Picture Me LOLin’

The long-gestating biopic All Eyez on Me is as awkward and laughable as the Tupac hologram.

Demetrius Shipp Jr. as Tupac Shakur in All Eyez on Me.

Morgan Creek Productions

Think your way back, if you can, to the year that Snoop Dogg and Dr. Dre played Coachella and welcomed Tupac Shakur onto the stage to perform a couple of hits. Shirtless, with jeans sagging and his signature “Thug Life” tattoo on his stomach, the legend worked the stage as he did in the ’90s, greeting the audience in his typically profane style: “What the fuck is up, Coachellaaaaaa?!” There was only one problem: Tupac was dead. This was, instead, just an optical illusion, and so everything was just a little off. The “hologram” (which wasn’t technically a hologram) looked and moved just like the “Picture Me Rollin’ ” rapper, but not quite. It sounded just like him, but Coachella definitely didn’t exist in 1996 when he met his tragic demise. It was bizarre, sort of laughable, and slightly unsettling, and yet the audience was supposed to take it seriously.

Watching the long-gestated biopic All Eyez on Me is like reliving that experience, except instead of lasting for just five minutes, it lasts for nearly two and a half ridiculous hours. The film pairs grand thematic ideas with pitifully shoddy execution. The FILA gear is present, the original recordings are licensed, and the movie’s star, newcomer Demetrius Shipp Jr., bears an uncanny physical resemblance to his real-life character inspiration. But something—nah, pretty much everything—is off. If the rapper’s fans were hoping for a feature that both honored the legacy of this polarizing figure and recreated some of the magic of the surprisingly entertaining Straight Outta Compton, this is definitely not that movie.

It takes just a few minutes to realize that All Eyez on Me is of only slightly higher quality than a direct-to-DVD movie you’d pick up for a couple of bucks from a Walmart bin. The story opens in 1995 with Makaveli giving an on-camera interview from a maximum-security prison where he is serving a sentence for sexual assault. The reporter’s name and outlet are never disclosed (actor Hill Harper is credited only as “Interviewer”), and this clumsy framing device is only the first of the many poor aesthetic choices that recur throughout the rest of the film. The film dutifully proceeds through the usual stations of the cross, jumping erratically between scenes tracing his origins as the son of Black Panther Afeni Shakur (The Walking Dead’s Danai Gurira, doing the best she can with this mess of material) and his first professional gig as a background dancer with Digital Underground—scenes that function almost exclusively to introduce a new character or plot point and explain, via that interview, how it factored into Shakur’s life.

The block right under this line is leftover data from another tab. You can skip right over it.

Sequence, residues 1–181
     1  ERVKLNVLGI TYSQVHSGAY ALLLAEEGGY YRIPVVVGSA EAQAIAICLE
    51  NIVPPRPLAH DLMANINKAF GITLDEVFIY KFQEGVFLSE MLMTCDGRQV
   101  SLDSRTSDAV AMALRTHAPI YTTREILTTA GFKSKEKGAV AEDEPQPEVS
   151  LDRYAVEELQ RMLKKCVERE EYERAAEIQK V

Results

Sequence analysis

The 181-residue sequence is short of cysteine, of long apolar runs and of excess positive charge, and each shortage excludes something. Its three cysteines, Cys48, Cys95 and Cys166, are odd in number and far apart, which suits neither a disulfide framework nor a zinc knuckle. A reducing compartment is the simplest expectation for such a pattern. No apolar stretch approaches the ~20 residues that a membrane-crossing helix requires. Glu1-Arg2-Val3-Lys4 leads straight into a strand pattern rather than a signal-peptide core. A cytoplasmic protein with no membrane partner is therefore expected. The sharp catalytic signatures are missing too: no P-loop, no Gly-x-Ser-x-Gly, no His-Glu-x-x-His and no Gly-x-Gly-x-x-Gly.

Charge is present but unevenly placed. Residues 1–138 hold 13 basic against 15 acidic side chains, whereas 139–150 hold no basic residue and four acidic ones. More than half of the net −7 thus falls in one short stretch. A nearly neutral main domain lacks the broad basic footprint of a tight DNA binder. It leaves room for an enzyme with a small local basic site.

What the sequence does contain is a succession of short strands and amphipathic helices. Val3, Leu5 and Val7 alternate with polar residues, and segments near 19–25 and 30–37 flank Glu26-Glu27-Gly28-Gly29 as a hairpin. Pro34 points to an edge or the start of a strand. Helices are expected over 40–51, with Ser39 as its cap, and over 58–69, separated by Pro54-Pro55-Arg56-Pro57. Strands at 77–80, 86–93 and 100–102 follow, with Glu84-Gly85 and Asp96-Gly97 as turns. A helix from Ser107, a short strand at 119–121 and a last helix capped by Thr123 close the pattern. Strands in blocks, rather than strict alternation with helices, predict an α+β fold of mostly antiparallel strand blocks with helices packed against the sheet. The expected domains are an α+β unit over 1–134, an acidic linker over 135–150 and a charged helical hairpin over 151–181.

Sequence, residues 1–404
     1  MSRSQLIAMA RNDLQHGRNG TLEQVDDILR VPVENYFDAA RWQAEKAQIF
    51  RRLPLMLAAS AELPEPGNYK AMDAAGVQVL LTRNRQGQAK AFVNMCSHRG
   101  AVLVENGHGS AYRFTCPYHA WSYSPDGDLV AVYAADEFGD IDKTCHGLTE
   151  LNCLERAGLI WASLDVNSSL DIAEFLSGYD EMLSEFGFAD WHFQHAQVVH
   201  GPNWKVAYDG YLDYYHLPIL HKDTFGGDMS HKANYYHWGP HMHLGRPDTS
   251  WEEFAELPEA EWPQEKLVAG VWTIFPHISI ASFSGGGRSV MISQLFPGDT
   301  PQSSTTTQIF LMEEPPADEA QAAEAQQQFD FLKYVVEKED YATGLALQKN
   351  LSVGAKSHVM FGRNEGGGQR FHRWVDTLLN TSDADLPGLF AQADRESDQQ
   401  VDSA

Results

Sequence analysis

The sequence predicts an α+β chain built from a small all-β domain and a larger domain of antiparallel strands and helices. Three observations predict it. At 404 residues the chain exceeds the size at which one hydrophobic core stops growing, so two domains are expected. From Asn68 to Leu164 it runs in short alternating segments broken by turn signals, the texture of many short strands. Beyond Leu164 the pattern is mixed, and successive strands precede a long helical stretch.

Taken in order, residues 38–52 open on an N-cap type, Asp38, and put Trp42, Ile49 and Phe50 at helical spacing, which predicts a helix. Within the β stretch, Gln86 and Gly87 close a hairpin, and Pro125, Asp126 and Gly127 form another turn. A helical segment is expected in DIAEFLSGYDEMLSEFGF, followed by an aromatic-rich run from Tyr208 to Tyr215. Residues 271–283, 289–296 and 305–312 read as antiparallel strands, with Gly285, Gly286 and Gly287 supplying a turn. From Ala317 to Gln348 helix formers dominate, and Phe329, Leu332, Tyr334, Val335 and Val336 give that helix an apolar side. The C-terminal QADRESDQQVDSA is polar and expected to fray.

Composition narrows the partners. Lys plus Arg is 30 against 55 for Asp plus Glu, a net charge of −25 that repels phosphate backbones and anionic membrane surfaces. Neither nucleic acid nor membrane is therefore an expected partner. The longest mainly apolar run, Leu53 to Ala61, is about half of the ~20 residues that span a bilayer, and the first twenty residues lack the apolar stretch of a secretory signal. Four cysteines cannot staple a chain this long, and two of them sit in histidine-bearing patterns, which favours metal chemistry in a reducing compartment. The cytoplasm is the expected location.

This “greatest hits” format continues as the film ticks off Pac’s various legal troubles, albums, and movie roles in the crudest ways possible. It doesn’t help that the editing is poorly executed, with abrupt cuts to completely new periods in his life and oddly pedestrian transition music. At one point, with no warning, we’re suddenly thrust into a recreation of his famous hallway scene in Juice, beginning with that locker slam. What in that coming-of-age thriller works as a jump scare that startles audiences elicited instead, at my screening, guffaws.